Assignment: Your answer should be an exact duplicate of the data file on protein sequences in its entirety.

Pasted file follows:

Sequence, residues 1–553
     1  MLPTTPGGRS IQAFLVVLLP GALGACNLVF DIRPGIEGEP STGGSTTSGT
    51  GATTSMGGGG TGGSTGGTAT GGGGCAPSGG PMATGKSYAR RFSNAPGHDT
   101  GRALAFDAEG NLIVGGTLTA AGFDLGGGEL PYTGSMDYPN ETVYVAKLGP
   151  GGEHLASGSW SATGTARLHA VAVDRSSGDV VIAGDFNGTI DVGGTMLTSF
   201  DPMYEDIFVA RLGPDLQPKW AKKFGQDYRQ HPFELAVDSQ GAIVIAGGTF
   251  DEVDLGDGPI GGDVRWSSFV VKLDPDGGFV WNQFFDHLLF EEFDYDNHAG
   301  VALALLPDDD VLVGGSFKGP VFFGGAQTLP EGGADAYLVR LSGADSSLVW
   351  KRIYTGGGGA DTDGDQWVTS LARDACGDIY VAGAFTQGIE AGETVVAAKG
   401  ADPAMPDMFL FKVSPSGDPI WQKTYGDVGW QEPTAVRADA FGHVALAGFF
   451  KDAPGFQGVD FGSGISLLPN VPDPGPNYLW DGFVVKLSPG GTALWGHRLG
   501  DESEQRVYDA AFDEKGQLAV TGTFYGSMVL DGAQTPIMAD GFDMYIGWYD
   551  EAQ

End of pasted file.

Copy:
Sequence, residues 1–553
     1  MLPTTPGGRS IQAFLVVLLP GALGACNLVF DIRPGIEGEP STGGSTTSGT
    51  GATTSMGGGG TGGSTGGTAT GGGGCAPSGG PMATGKSYAR RFSNAPGHDT
   101  GRALAFDAEG NLIVGGTLTA AGFDLGGGEL PYTGSMDYPN ETVYVAKLGP
   151  GGEHLASGSW SATGTARLHA VAVDRSSGDV VIAGDFNGTI DVGGTMLTSF
   201  DPMYEDIFVA RLGPDLQPKW AKKFGQDYRQ HPFELAVDSQ GAIVIAGGTF
   251  DEVDLGDGPI GGDVRWSSFV VKLDPDGGFV WNQFFDHLLF EEFDYDNHAG
   301  VALALLPDDD VLVGGSFKGP VFFGGAQTLP EGGADAYLVR LSGADSSLVW
   351  KRIYTGGGGA DTDGDQWVTS LARDACGDIY VAGAFTQGIE AGETVVAAKG
   401  ADPAMPDMFL FKVSPSGDPI WQKTYGDVGW QEPTAVRADA FGHVALAGFF
   451  KDAPGFQGVD FGSGISLLPN VPDPGPNYLW DGFVVKLSPG GTALWGHRLG
   501  DESEQRVYDA AFDEKGQLAV TGTFYGSMVL DGAQTPIMAD GFDMYIGWYD
   551  EAQ